Amazing Facts About Indiana Jones Adventure
Do you feel naked without a fedora hat and a whip? Do you put the adventure in Adventureland with all of your globetrotting escapades? Have you stared down Nazis, snakes, and even your own father? If you’ve answered yes to these oddly specific questions, you’re Henry Walton Jones Jr. (they named the dog Indiana), the world’s greatest treasure hunter. Alternately, you’re a huge fan and someone who loves riding Indiana Jones Adventure at Disneyland. Anyone who falls into the latter category will love this article. Here are five amazing facts about Indiana Jones Adventure.
It Was Almost a Roller Coaster
Unlike my wife, I don’t speak French. I’m told that Indiana Jones et le Temple du Péril translates as Indiana Jones and the Temple of Peril, which looks right from the spelling. What I DO know is that this roller coaster is one of the most popular attractions at Disneyland Paris. That wasn’t always the plan, though.
The Walt Disney Company enjoyed a strong working relationship with George Lucas. The success of Star Tours gave both parties confidence that Lucasfilm projects translated well to theme park attractions. Seeking more joint efforts, the companies entered into conversations about an Indiana Jones ride.
One of the pitches was for a Jungle Cruise-style adventure down the river akin to two of the scenes in Indiana Jones and the Last Crusade. There was even some discussion of Jungle Cruise dropping off some passengers at the line queue for an Indiana Jones attraction. It would have been amazing and demonstrated that Disney had grand plans for the Indy license.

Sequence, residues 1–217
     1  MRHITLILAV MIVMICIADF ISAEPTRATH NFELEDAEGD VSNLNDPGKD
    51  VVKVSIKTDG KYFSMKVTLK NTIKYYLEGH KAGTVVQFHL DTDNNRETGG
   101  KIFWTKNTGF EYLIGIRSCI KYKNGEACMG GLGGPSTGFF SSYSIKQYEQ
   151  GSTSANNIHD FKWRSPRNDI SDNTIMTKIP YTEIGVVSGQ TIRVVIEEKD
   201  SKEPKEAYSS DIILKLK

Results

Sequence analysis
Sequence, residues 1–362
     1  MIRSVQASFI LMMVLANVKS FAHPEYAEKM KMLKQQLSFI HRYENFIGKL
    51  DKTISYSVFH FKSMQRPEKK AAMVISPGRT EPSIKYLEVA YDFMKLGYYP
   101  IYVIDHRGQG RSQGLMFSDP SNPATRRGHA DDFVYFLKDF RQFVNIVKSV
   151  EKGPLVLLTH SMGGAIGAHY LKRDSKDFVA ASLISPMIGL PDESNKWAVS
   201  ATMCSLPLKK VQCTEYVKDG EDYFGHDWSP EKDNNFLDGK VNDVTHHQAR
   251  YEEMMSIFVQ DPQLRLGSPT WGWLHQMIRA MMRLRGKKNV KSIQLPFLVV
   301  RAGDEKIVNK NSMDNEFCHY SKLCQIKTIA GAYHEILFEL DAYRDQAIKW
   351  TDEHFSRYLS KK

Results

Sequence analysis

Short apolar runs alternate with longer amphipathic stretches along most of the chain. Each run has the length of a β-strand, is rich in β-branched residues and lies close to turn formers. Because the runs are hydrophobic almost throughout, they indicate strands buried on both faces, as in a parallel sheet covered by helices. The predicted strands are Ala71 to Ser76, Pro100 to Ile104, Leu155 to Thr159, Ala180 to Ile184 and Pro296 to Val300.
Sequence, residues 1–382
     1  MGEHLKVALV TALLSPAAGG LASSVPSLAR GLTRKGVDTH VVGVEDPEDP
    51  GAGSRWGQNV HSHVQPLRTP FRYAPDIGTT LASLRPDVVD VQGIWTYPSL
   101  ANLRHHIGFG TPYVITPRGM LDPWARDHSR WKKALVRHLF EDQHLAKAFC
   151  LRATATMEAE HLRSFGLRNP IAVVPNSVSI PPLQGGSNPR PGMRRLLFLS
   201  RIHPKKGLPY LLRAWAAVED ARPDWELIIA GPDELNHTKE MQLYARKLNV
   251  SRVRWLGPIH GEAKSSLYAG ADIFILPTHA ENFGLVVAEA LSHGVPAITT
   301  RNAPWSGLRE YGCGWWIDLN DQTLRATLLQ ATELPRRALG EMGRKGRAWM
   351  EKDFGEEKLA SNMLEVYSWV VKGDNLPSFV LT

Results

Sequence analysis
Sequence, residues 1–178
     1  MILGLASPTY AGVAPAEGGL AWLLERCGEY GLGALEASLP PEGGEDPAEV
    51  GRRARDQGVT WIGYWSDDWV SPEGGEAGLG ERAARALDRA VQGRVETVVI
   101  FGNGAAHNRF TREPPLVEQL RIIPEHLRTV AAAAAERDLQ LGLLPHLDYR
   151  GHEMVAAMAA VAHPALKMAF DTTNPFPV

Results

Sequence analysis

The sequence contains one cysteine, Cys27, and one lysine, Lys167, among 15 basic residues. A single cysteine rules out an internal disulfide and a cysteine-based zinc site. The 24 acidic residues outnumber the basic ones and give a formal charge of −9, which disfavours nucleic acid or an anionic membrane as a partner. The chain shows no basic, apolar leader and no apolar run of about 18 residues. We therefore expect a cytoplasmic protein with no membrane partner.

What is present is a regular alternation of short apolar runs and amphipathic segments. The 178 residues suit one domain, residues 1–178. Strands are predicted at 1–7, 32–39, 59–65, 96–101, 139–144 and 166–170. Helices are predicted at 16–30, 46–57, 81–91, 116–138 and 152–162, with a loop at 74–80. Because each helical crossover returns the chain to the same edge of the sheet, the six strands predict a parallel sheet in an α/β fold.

During the blue sky phase, Disney planned an entire themed area at Disneyland and Disneyland Paris alike. Some of the plans called for a mine train-style roller coaster ride. Others involved some tomb raiding. What happened was that park planners modified the roller coaster premise but settled on the tomb adventure for America. Indiana Jones et le Temple du Péril got shipped to Paris, while the tomb raider premise became the backbone for Indiana Jones Adventure. To this date, rumors persist that an Indiana Jones roller coaster might come to Disneyland or Walt Disney World at some point.
You Aren’t Indiana Jones!
I’ve previously discussed the way that early theme park attractions confused guests. Two of Disneyland’s opening day rides, Peter Pan’s Flight and Snow White’s Scary Adventures, were told from the perspective of Peter Pan and Snow White. Instead of seeing these beloved characters throughout the ride, the guest was supposed to deduce that they were experiencing the ride as if they were Peter Pan and Snow White. People really didn’t understand the thought process at first.
That was all the way back in 1955. When Disney prepped Indiana Jones Adventure during the early 90s, they maintained the same concern. They worried that guests wouldn’t enjoy the ride as much if they were Indiana Jones. Instead, they’d want to see the world’s foremost archeologist. For this reason, the storytelling is different on this attraction. You see Indiana Jones throughout the various sets, and he’s usually in mortal peril. That dude must be impossible to insure.
The Vehicles are a Disney Exclusive
The genius part of Indiana Jones Adventure is the ride cart. Imagineers wanted to construct a temple that felt worthy of the Indiana Jones franchise. The problem they faced involved the transportation. To fully appreciate the stunning details of each scene, the ride vehicles couldn’t transfer guests at breakneck speeds. Even a runaway mine cart would travel more quickly than Disney desired.